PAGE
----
“I think even before they post you, they should consider the community where they are taking you, because if I am taken to a community where I know I will be rejected, I cannot accept that one” Pre-service nursing student
Faith-based organizations (FBOs) which contribute approximately 40% of national healthcare mainly in rural and underserved areas were thought to pay the lowest salaries. This particular sentiment was shared amongst upgrading students who also felt that workloads in FBOs were often too high.
“when you go to some of the private hospitals especially the mission hospitals, I tell you that place is horrible because you see somebody with an experience of ten years in the same institution and cannot even afford a salary of KES 14,000 (USD 179.48) so what I mean is especially the mission hospitals, some of the mission hospitals the pay is very poor and the work load is too much…” Upgrading nursing student
Despite individual preferences both groups of trainees were of the opinion that all cadres of nurses (including ECNs and RNs) are adequately trained to work in any health facility, and that they should therefore be ready to work in lower level facilities in rural areas.
“what I think, like now there should be a channel of everybody having an opportunity to pass through the rural and the hospital because we are trained for all this” Upgrading nursing student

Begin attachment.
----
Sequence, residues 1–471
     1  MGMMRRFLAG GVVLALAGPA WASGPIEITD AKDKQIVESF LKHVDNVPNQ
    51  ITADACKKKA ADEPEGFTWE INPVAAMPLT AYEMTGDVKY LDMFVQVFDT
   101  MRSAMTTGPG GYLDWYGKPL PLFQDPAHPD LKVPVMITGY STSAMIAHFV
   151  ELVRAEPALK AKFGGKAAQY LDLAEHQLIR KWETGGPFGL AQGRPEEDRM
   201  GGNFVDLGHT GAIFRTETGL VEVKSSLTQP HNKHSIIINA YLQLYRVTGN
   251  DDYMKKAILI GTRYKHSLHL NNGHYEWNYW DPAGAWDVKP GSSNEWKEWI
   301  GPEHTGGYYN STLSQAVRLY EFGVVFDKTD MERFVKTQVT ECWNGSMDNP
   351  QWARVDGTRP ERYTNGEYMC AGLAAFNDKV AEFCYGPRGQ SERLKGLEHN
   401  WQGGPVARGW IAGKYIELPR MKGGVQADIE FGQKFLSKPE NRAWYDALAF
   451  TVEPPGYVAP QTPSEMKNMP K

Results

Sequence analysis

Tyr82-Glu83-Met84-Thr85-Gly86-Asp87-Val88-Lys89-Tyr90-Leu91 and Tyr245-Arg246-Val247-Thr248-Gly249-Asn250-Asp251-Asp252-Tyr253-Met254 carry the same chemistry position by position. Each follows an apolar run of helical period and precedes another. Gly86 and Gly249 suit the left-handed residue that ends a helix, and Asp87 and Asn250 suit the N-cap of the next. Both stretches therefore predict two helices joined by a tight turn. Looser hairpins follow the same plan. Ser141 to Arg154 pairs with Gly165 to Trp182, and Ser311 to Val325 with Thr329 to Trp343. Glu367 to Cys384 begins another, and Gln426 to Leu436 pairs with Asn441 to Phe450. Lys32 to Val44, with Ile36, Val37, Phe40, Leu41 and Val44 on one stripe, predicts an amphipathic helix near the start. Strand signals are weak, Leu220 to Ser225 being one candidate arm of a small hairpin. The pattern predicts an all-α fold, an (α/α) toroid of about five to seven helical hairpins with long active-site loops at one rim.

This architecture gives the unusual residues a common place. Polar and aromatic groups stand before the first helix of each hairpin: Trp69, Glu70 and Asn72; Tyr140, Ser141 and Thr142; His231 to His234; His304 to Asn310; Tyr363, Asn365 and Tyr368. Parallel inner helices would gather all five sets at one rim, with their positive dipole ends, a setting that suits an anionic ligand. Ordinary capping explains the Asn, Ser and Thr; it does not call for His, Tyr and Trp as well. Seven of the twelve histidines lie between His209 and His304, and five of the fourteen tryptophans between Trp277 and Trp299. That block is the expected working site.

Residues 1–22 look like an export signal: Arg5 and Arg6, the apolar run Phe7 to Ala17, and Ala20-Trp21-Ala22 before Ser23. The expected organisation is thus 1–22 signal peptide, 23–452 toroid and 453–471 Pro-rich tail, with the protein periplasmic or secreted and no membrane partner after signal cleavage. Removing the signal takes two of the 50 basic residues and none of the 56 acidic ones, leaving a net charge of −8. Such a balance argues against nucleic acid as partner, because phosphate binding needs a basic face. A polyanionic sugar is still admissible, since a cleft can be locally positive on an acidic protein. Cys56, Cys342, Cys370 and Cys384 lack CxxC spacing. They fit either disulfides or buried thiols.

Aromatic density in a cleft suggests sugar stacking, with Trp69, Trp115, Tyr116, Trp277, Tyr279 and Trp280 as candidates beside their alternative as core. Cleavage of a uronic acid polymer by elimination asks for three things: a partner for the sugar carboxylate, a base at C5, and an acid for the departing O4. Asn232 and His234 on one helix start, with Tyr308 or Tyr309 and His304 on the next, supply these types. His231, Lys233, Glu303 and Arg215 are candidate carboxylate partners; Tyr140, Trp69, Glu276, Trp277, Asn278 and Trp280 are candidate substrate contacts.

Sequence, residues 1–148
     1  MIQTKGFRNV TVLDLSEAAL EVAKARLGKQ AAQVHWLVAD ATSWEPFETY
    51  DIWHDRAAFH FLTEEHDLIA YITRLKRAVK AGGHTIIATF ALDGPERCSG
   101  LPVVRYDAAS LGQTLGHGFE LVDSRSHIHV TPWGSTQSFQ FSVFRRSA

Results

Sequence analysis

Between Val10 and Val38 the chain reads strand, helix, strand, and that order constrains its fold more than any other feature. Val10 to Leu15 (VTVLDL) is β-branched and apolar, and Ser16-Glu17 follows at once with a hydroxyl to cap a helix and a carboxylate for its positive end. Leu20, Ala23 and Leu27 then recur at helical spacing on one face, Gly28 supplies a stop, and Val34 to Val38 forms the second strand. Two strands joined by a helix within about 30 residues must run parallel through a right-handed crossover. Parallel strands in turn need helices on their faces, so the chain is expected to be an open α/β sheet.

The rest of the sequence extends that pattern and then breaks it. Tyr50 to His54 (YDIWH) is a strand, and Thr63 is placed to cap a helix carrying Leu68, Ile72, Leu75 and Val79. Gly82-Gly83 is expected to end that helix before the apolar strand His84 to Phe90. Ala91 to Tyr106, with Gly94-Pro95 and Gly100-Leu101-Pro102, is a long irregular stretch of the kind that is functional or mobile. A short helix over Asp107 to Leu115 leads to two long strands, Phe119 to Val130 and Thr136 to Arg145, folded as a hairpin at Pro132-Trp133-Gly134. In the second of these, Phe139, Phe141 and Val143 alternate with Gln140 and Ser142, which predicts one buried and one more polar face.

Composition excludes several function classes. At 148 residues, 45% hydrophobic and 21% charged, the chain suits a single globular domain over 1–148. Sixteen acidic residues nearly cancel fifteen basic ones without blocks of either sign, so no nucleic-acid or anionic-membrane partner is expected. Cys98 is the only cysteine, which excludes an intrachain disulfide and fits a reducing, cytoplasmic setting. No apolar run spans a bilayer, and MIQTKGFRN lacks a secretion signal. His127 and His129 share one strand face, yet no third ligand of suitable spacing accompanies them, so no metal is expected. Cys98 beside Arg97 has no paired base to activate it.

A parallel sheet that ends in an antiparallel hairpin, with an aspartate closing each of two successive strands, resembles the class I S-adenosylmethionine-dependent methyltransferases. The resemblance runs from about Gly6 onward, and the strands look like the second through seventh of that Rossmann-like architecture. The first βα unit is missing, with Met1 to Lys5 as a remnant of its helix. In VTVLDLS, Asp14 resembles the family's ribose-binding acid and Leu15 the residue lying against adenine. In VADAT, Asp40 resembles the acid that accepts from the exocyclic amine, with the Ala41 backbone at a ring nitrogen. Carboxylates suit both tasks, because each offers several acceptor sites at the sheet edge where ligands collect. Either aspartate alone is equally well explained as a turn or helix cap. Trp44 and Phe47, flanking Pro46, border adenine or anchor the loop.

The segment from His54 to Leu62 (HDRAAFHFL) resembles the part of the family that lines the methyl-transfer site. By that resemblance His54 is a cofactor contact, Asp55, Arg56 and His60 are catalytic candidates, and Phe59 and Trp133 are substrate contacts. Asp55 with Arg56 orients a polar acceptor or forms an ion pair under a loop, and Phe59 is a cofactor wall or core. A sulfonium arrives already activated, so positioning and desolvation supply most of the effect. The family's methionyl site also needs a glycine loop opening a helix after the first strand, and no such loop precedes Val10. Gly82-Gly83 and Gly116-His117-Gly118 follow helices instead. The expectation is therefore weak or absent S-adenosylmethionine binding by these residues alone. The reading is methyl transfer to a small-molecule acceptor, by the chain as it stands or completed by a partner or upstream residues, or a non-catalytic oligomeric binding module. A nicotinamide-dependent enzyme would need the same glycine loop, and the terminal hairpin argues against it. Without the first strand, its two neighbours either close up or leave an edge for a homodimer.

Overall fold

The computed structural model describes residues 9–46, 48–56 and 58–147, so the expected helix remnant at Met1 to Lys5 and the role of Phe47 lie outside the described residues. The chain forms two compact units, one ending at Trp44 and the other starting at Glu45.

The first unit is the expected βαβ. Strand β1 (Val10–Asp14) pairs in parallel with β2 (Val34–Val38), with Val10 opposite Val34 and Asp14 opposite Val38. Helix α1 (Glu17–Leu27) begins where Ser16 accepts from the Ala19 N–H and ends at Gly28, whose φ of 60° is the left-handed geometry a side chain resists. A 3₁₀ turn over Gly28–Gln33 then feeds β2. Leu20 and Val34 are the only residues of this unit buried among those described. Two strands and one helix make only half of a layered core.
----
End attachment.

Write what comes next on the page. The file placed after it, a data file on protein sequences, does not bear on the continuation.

Strategies to recruit and retain nurses in rural areas
Varied perceptions of strategies to recruit and retain nurses were reported in the SAQ (Table 2). Students generally felt compulsory rural service for government supported students was reasonable and that, for pre-service students, the greater responsibility in a rural area might be motivating. These positive work attributes could be enhanced by better housing and prospects for career advancement. Being able to choose the rural area to work in was also felt to be of some value while there was strong support for greater rural financial incentives as a means to attract people to such posts, with the majority of students suggesting that this should be up to 50% of basic salary. Pre-service students were significantly more likely than in-service students to agree with the statements on the motivating impact of greater responsibility and the importance of decent housing.